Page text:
Drew Paine investigates collaborative scientific software development using ethnographic and user research methods. In USS he works on the Usable Data Abstractions (UDA), Science Capsule, and Deduce projects studying the work of scientists from multiple domains to inform the design of tools to facilitate their research.
He received his PhD from the Department of Human Centered Design & Engineering (HCDE) at the University of Washington in Seattle, WA in August 2016. Working in Dr. Charlotte Lee's Computer Supported Collaboration (CSC) Laboratory, Drew investigated the collaborative work of scientists in physics & astronomy, microbiology, oceanography, and climate science. He received a Software Engineering BS from Rose-Hulman Institute of Technology in May 2010.
Devarshi Ghoshal, Ludovico Bianchi, Abdelilah Essiari, Michael Beach, Drew Paine, Lavanya Ramakrishnan, "Science Capsule - Capturing the Data Life Cycle", Journal of Open Source Software, 2021, 6:2484, doi: 10.21105/joss.02484
Marco Pritoni, Drew Paine, Gabriel Fierro, Cory Mosiman, Michael Poplawski, Joel Bender, Jessica Granderson, "Metadata Schemas and Ontologies for Building Energy Applications: A Critical Review and Use Case Analysis", Energies, April 6, 2021, doi: 10.3390/en14072024
Digital and intelligent buildings are critical to realizing efficient building energy operations and a smart grid. With the increasing digitalization of processes throughout the life cycle of buildings, data exchanged between stakeholders and between building systems have grown significantly. However, a lack of semantic interoperability between data in different systems is still prevalent and hinders the development of energy-oriented applications that can be reused across buildings, limiting the scalability of innovative solutions. Addressing this challenge, our review paper systematically reviews metadata schemas and ontologies that are at the foundation of semantic interoperability necessary to move toward improved building energy operations. The review finds 40 schemas that span different phases of the building life cycle, most of which cover commercial building operations and, in particular, control and monitoring systems. The paper’s deeper review and analysis of five popular schemas identify several gaps in their ability to fully facilitate the work of a building modeler attempting to support three use cases: energy audits, automated fault detection and diagnosis, and optimal control. Our findings demonstrate that building modelers focused on energy use cases will find it difficult, labor intensive, and costly to create, sustain, and use semantic models with existing ontologies. This underscores the significant work still to be done to enable interoperable, usable, and maintainable building models. We make three recommendations for future work by the building modeling and energy communities: a centralized repository with a search engine for relevant schemas, the development of more use cases, and better harmonization and standardization of schemas in collaboration with industry to facilitate their adoption by stakeholders addressing varied energy-focused use cases.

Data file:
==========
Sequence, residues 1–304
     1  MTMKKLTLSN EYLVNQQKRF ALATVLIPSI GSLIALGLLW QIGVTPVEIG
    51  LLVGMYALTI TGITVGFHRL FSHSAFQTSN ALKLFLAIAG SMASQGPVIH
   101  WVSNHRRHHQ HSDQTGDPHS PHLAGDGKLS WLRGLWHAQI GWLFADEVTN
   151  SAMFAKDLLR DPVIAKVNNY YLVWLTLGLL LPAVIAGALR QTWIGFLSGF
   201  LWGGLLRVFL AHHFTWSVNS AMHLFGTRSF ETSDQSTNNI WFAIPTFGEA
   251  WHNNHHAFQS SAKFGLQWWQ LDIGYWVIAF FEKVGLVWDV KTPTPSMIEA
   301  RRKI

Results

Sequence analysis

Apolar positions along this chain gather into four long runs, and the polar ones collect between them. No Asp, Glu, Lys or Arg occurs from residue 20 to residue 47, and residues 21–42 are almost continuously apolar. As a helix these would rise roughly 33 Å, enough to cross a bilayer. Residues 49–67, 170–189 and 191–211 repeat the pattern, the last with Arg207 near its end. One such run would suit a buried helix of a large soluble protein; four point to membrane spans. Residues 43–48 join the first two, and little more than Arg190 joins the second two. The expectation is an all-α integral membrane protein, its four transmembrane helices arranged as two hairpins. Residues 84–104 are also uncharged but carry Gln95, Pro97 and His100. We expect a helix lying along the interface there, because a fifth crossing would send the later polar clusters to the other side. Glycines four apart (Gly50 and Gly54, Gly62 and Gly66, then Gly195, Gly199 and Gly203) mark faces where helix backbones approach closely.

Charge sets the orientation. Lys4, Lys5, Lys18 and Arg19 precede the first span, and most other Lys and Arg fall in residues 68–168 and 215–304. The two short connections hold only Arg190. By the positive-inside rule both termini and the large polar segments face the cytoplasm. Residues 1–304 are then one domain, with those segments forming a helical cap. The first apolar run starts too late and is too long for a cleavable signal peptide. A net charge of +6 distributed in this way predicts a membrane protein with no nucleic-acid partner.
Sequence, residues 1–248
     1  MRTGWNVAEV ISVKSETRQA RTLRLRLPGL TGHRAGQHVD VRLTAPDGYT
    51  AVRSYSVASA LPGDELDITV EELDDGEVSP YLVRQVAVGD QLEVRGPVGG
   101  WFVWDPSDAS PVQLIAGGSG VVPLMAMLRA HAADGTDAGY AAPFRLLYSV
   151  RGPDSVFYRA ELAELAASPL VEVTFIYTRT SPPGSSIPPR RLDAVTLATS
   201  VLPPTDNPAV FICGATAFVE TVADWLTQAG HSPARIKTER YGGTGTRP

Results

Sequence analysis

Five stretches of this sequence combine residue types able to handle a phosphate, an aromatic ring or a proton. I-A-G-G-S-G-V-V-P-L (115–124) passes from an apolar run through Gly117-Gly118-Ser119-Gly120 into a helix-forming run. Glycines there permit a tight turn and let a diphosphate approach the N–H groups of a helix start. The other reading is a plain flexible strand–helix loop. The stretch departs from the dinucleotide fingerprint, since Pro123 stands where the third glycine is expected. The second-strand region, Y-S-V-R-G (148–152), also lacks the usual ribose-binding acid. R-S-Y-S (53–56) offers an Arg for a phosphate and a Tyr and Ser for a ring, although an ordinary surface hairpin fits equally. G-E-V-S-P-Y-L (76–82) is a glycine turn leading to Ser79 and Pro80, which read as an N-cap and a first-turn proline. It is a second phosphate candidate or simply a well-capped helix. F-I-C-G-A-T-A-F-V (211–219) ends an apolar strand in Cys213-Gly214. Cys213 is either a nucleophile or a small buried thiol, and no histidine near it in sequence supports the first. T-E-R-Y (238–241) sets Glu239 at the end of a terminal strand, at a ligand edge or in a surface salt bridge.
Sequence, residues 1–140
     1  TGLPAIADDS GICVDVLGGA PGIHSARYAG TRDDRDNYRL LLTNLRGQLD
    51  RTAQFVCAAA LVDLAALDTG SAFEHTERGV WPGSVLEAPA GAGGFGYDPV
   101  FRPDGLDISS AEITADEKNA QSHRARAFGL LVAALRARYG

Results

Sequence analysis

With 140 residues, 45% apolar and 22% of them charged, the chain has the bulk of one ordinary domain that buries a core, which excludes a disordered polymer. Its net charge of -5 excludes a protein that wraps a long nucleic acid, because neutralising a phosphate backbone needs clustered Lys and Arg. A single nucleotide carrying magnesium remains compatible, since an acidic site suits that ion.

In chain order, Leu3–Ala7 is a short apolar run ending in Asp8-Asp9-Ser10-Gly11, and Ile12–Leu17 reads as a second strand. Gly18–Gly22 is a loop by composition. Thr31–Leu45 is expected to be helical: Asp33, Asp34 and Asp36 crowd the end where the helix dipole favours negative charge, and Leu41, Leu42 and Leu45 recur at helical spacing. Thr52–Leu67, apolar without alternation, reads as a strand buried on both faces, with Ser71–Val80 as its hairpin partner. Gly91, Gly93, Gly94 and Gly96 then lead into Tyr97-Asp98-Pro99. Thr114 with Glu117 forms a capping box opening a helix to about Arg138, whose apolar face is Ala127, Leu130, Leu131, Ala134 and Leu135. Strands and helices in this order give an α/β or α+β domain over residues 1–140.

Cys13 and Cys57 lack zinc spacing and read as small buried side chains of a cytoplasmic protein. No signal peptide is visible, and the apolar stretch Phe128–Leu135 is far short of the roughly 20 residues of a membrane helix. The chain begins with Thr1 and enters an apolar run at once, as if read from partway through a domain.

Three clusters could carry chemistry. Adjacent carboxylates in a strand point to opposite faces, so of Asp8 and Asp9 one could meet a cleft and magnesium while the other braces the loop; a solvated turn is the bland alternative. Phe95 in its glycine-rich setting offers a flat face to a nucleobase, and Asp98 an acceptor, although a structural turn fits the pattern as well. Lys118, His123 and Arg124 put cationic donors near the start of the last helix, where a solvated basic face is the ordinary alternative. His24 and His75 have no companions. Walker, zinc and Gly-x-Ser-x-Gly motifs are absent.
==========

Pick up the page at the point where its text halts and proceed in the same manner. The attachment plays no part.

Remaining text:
Drew Paine, Devarshi Ghoshal, Lavanya Ramakrishnan, "Experiences with a Flexible User Research Process to Build Data Change Tools", Journal of Open Research Software, September 1, 2020, doi: 10.5334/jors.284
Scientific software development processes are understood to be distinct from commercial software development practices due to uncertain and evolving states of scientific knowledge. Sustaining these software products is a recognized challenge, but under-examined is the usability and usefulness of such tools to their scientific end users. User research is a well-established set of techniques (e.g., interviews, mockups, usability tests) applied in commercial software projects to develop foundational, generative, and evaluative insights about products and the people who use them. Currently these approaches are not commonly applied and discussed in scientific software development work. The use of user research techniques in scientific environments can be challenging due to the nascent, fluid problem spaces of scientific work, varying scope of projects and their user communities, and funding/economic constraints on projects.
In this paper, we reflect on our experiences undertaking a multi-method user research process in the Deduce project. The Deduce project is investigating data change to develop metrics, methods, and tools that will help scientists make decisions around data change. There is a lack of common terminology since the concept of systematically measuring and managing data change is under explored in scientific environments. To bridge this gap we conducted user research that focuses on user practices, needs, and motivations to help us design and develop metrics and tools for data change. This paper contributes reflections and the lessons we have learned from our experiences. We offer key takeaways for scientific software project teams to effectively and flexibly incorporate similar processes into their projects.